(Kim Klement, USA TODAY Sports)

Wide receivers

Chris Godwin | Tampa Bay Buccaneers | ADP: 5:05

Bruce Arians’ offense is designed to push the ball down the field, and Godwin is capable of playing well on all three levels of the route tree. Mike Evans draws the majority of the doubles, which frees up Godwin to exploit mismatches. No more Adam Humphries and DeSean Jackson should inflate his targets in 2019.

Godwin started hot last year, posting double-digit PPR points in five of the first six games as Tampa rotated quarterbacks. Improving his consistency and target share from week to week will go a long way in establishing a breakout season. Given his lofty ADP, there won’t be much wiggle room for failure.

D.J. Moore | Carolina Panthers | ADP: 5:12

Truthfully, I’m not a big fan of Moore and his situation. However, I’d be remiss if I didn’t include him as a candidate to break out in 2019. There aren’t many weapons around him to steal looks in the passing game, and Moore flashed enough in 2018 as a rookie to at least present the idea that he’s capable of doing bigger things.

Christian McCaffrey will be his biggest threat for touches, and there’s also the concern about Cam Newton returning from shoulder surgery. Moore has the physical gifts to emerge as a quality WR2 in fake football, but not without considerable risk. His potential for volume and ability after the catch may take Moore a long way in fantasy, even if the cost is steeper than preferred.

Robby Anderson | New York Jets | ADP: 6:12

Anderson was a hot thing in fantasy circles entering 2018 but failed to stay healthy and had legal questions swirling much of the way. He was able to get right toward the final month, and in the last three weeks of fantasy, Anderson’s best was on display. He escalated his receptions in Weeks 15 and 16, while boosting his yardage output in four straight contests. Sam Darnold should be improved in Year 2, and the offense will be more balanced with Le’Veon Bell in the mix.

Don’t underestimate the value of an offensive system change, either. Adam Gase has been known to get more out of his quarterbacks, which obviously helps Anderson’s fantasy stats in that event. As we saw in 2017 and last year, Anderson’s style of play can be streaky. Figuring out how to become more efficient will take him far in fantasy.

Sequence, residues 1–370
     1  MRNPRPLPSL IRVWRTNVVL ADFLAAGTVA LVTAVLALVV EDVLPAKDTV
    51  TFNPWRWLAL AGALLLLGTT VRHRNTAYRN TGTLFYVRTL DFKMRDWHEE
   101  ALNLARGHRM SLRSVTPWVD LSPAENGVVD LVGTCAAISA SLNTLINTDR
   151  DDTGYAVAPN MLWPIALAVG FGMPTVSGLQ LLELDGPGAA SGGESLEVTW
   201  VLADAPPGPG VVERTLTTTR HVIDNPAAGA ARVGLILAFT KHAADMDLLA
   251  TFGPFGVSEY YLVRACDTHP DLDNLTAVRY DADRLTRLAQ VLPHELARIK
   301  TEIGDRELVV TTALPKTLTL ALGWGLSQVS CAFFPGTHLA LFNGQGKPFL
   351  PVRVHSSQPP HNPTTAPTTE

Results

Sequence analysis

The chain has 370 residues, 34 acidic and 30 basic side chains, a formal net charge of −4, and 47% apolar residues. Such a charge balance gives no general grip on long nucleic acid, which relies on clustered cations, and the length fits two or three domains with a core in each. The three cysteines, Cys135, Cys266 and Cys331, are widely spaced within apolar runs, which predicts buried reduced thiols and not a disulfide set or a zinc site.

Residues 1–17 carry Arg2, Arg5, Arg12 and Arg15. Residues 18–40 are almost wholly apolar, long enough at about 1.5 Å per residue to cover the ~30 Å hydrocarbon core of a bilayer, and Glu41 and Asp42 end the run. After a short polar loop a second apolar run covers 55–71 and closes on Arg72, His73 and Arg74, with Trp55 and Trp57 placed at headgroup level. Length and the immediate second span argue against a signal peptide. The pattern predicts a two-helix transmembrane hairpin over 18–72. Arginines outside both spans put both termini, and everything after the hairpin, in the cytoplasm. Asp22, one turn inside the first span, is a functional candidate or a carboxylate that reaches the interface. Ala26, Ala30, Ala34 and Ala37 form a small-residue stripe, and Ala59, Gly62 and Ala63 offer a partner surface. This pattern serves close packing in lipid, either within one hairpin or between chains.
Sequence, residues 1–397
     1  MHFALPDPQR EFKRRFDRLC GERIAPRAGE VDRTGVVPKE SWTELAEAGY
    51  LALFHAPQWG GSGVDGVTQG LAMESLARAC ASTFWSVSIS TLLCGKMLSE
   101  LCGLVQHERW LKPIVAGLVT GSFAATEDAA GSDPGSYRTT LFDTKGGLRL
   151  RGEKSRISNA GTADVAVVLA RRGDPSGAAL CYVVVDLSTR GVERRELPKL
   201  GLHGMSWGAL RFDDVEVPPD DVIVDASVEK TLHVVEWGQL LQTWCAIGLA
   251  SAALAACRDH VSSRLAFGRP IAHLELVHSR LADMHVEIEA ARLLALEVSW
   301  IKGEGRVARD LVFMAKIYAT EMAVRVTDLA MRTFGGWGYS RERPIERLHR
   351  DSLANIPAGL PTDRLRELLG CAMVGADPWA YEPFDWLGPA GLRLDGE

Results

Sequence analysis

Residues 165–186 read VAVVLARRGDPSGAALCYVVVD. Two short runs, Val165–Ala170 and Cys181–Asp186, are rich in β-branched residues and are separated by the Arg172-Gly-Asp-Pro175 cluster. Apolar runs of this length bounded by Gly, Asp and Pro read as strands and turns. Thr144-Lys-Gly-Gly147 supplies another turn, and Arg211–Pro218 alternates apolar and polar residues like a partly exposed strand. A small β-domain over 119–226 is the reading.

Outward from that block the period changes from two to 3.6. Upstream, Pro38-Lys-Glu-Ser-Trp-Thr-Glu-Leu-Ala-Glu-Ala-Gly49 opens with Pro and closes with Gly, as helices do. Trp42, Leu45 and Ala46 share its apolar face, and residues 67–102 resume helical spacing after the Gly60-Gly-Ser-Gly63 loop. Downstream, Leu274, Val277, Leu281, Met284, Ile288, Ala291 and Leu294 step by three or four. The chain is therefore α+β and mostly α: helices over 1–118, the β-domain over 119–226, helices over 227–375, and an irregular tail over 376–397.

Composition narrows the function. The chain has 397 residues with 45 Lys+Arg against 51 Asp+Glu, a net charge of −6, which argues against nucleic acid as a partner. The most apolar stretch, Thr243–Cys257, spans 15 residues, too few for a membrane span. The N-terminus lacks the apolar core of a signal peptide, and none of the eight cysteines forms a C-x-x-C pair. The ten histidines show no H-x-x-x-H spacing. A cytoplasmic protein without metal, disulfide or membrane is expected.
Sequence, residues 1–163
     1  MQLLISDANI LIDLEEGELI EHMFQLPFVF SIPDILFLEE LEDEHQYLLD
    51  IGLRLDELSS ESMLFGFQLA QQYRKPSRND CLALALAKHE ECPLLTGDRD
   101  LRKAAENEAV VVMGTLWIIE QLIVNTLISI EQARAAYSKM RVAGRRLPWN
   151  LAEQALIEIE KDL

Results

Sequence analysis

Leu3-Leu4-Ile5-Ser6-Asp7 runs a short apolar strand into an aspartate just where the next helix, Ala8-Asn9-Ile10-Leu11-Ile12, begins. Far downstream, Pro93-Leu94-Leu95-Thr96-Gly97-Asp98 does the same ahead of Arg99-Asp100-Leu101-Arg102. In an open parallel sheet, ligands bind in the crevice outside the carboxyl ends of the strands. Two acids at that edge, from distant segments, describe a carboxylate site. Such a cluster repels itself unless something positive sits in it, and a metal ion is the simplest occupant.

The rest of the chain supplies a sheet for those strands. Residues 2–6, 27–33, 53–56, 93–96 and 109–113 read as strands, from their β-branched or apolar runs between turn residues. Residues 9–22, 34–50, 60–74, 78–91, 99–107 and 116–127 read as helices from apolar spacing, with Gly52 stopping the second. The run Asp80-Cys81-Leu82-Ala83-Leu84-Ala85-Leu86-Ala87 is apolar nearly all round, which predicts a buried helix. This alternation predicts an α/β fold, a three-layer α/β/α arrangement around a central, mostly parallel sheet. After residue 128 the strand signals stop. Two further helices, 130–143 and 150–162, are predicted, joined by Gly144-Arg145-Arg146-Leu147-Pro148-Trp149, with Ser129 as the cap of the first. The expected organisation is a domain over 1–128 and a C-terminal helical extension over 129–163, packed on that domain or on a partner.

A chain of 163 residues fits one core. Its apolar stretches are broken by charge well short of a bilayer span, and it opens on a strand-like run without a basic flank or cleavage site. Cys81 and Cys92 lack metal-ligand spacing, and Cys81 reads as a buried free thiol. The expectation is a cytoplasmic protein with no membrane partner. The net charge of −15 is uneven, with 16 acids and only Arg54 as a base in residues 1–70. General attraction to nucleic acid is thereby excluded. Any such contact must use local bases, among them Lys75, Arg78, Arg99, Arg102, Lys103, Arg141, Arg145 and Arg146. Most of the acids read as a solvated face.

Donte Moncrief | Pittsburgh Steelers | ADP: 11:10

The veteran wideout spent time in the offseason with Ben Roethlisberger to in an attempt to build chemistry. The presumption is the 25-year-old Moncrief will settle in as the opening No. 2 in the generic pecking order behind JuJu Smith-Schuster. He’ll see summer competition for action from a trimmed down James Washington and rookie Diontae Johnson. Eli Rogers will be worked in, as well. Following a promising second year with the Colts, Moncrief battled injuries in 2016 and ’17. He managed to play in every contest last year but was mired in the mishap that was Jacksonville’s season.

Greener pastures, with a bona fide quarterback again throwing his way, Moncrief going at the tail end of drafts is just the situation gamers look back at in six months and wonder how he wasn’t drafted earlier. Don’t get caught up on the past — he’s talented, healthy, and in a great situation in what will be only his age-26 season as a sixth-year vet. There’s tremendous ground to be made up with the trade of Antonio Brown, so looks shouldn’t be an issue. Moncrief is a roster-filler at this price point and legitimately could emerge as a WR2 some weeks.

Tyrell Williams | Oakland Raiders | ADP: 12:07

Inconsistency will be a factor, and barring an injury ahead of him, Williams will always play second fiddle to Antonio Brown. That is a double-edged sword, though, as it also means the former Los Angeles Charger will see single coverage all day long. The offense has potential to be better than many expect, and with a defense poised to bring up the rear of the league, throwing the ball with volume will amplify Williams’ chances for meaningful work.

Ideally, he is utilized in best-ball formats when gamers can take advantage of Williams’ strong efforts and not be penalized by the days he’ll inevitably ghost your lineup. Given his ADP, the risk is reasonably low as a WR4 in standard setups.

(Jake Roth, USA TODAY Sports)

Tight ends

Hunter Henry | Los Angeles Chargers | ADP: 6:01

Here’s the thing … after missing the entire 2018 season with a torn ACL, just getting back into his previous form is an accomplishment. The 24-year-old Henry should be 100 percent for Week 1 and has a chance to be so much more productive than his breakout-lite rookie season of 36-478-8. Well, the eight TDs may be tough to top, but Henry easily can double the other figures.

Double? Like 72 catches for 956 yards? Doable. More reasonable would be a line of 72 for 850, but you get the picture. Los Angeles has a stud receiver in Keenan Allen and a powerhouse running game. Hall of Fame-bound tight end Antonio Gates is no longer depressing Henry’s stats, and wideout Tyrell Williams is an Oakland Raidah. Mike Williams isn’t a volume target for Philip Rivers, and Travis Benjamin is soft. Henry is a fair investment for everything that he could be in 2019.

Vance McDonald | Pittsburgh Steelers | ADP: 7:11

Coming off of his best year as a pro, McDonald enters a more favorable situation, at least for volume. The loss of Antonio Brown’s 2.2 million targets a year opens the door for Ben Roethlisberger to incorporate the underrated tight end more in the aerial assault. Injuries have plagued the athletic McDonald throughout his career, making an uptick in targets a threat to his well-being.

Be aware of what he brings from both directions. The upside is nice, and the downside is real. McDonald has a chance to find his way into the top five spots at the position given the volatility of those around him.